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Toxicol Appl Pharmacol. 2015 Jan 1;282(1):61-7. doi: 10.1016/j.taap.2014.11.005. Epub 2014 Nov 22.

Docosahexaenoic acid counteracts attenuation of CD95-induced cell death by inorganic mercury.

Author information

1
Department of Immunology and Microbiology, Wayne State University, Detroit MI, USA.
2
Department of Nutrition and Food Science, Wayne State University, Detroit MI, USA.
3
Department of Environmental Medicine, University of Rochester, Rochester NY, USA.
4
Department of Immunology and Microbiology, Wayne State University, Detroit MI, USA. Electronic address: arosenspire@wayne.edu.

Abstract

In the United States the principal environmental exposure to mercury is through dietary consumption of sea food. Although the mechanism by which low levels of mercury affect the nervous system is not well established, epidemiological studies suggest that low level exposure of pregnant women to dietary mercury can adversely impact cognitive development in their children, but that Docosahexaenoic acid (DHA), the most prominent n-polyunsaturated fatty acid (n-PUFA) present in fish may counteract negative effects of mercury on the nervous system. Aside from effects on the nervous system, epidemiological and animal studies have also suggested that low level mercury exposure may be a risk factor for autoimmune disease. However unlike the nervous system where a mechanism linking mercury to impaired cognitive development remains elusive, we have previously suggested a potential mechanism linking low level mercury exposures to immune system dysfunction and autoimmunity. In the immune system it is well established that disruption of CD95 mediated apoptosis leads to autoimmune disease. We have previously shown in vitro as well as in vivo that in lymphocytes burdened with low levels of mercury, CD95 mediated cell death is impaired. In this report we now show that DHA counteracts the negative effect of mercury on CD95 signaling in T lymphocytes. T cells which have been pre-exposed to DHA are able to cleave pro-caspase 3 and efficiently signal programmed cell death through the CD95 signaling pathway, whether or not they are burdened with low levels of mercury. Thus DHA may lower the risk of autoimmune disease after low level mercury exposures.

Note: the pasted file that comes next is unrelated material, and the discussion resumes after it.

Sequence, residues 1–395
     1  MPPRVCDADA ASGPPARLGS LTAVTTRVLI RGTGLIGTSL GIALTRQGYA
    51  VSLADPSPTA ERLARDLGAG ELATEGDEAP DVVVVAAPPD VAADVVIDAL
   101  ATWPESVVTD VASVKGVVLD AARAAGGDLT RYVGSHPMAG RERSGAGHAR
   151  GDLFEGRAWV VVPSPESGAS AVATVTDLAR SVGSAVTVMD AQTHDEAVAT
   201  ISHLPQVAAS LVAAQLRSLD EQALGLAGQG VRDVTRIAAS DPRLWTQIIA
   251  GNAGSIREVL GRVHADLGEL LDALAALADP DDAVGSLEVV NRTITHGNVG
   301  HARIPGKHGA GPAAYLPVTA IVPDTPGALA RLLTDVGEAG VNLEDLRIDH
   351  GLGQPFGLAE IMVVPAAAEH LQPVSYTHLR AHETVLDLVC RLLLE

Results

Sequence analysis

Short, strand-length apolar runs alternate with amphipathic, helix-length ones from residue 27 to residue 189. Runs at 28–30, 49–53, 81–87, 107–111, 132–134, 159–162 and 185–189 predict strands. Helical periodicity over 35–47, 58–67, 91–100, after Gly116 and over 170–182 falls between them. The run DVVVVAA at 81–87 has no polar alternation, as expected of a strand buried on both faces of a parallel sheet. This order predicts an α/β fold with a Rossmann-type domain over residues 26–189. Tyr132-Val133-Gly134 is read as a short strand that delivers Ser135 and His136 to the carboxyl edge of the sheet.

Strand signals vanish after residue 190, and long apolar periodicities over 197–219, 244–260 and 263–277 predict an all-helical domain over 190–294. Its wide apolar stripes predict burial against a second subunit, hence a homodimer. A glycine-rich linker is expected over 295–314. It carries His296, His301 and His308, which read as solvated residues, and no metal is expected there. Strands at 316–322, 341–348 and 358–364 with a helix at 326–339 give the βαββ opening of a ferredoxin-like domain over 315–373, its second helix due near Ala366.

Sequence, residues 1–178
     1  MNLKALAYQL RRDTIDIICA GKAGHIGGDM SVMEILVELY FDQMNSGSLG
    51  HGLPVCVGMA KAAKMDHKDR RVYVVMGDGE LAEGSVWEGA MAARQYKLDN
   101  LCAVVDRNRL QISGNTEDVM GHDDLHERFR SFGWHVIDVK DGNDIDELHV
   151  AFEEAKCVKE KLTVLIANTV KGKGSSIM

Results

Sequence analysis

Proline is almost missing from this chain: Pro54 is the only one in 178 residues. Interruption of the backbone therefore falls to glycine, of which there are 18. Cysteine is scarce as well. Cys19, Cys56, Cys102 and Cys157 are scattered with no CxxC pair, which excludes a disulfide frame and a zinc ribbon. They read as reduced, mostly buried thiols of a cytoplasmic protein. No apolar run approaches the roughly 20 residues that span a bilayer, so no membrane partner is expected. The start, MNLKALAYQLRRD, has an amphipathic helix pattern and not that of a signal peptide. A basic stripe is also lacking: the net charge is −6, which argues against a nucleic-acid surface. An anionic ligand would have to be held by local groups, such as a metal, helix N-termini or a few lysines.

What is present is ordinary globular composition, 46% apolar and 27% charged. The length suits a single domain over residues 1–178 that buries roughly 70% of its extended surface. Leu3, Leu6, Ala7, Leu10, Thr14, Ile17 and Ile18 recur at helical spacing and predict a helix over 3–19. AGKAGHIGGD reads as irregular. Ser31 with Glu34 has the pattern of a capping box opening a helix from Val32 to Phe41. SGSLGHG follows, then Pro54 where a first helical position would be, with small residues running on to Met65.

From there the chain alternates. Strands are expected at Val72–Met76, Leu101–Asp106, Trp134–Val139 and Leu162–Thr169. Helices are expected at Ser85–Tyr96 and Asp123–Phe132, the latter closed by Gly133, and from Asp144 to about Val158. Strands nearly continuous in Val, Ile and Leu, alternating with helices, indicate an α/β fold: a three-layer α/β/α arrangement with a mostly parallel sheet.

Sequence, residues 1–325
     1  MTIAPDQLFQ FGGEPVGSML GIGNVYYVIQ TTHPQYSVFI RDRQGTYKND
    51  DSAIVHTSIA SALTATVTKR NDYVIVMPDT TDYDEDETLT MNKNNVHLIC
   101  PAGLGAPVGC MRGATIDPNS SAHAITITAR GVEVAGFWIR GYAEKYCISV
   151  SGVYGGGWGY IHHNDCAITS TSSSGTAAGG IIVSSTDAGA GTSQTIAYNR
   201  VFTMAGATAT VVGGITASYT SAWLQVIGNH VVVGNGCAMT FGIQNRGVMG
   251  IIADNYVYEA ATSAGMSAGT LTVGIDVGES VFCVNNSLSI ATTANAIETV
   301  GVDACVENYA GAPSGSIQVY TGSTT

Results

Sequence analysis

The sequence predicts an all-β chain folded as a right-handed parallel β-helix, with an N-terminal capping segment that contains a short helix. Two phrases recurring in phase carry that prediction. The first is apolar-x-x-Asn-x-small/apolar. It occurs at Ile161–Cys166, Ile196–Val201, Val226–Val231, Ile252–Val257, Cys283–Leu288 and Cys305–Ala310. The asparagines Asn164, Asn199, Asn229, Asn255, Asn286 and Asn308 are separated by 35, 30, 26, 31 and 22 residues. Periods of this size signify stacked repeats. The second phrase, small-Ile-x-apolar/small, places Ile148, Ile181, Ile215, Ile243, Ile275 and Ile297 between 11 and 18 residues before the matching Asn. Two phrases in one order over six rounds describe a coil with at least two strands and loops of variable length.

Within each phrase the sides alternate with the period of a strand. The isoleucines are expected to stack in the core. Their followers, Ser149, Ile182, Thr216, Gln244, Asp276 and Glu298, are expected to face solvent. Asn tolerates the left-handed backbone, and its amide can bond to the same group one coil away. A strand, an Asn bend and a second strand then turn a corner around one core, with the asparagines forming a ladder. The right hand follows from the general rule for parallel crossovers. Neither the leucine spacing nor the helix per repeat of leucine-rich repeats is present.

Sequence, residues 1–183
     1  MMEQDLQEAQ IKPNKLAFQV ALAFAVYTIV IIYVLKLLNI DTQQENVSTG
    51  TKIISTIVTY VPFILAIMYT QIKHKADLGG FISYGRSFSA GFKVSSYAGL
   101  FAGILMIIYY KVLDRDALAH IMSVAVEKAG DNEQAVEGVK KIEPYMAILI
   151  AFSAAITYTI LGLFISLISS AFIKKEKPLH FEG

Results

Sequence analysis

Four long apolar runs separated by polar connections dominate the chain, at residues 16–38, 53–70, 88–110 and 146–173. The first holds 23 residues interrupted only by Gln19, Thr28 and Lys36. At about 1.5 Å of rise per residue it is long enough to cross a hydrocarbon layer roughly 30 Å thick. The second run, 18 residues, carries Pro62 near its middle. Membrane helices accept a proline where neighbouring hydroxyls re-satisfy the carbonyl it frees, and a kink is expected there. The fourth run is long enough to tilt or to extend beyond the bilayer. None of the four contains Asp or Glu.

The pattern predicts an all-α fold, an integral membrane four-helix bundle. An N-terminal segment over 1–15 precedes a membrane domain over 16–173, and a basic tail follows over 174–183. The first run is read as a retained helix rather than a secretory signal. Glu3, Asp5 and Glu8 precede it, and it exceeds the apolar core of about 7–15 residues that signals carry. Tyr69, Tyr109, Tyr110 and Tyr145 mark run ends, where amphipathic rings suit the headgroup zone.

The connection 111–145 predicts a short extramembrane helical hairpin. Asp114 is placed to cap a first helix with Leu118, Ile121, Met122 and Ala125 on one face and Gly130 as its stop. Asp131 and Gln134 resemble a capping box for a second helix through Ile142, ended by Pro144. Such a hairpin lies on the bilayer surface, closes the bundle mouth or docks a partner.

KEYWORDS:

CD95; Docosahexaenoic acid; Mercury; T cell

PMID:
25461680
PMCID:
PMC4278955
DOI:
10.1016/j.taap.2014.11.005
[Indexed for MEDLINE]
Free PMC Article

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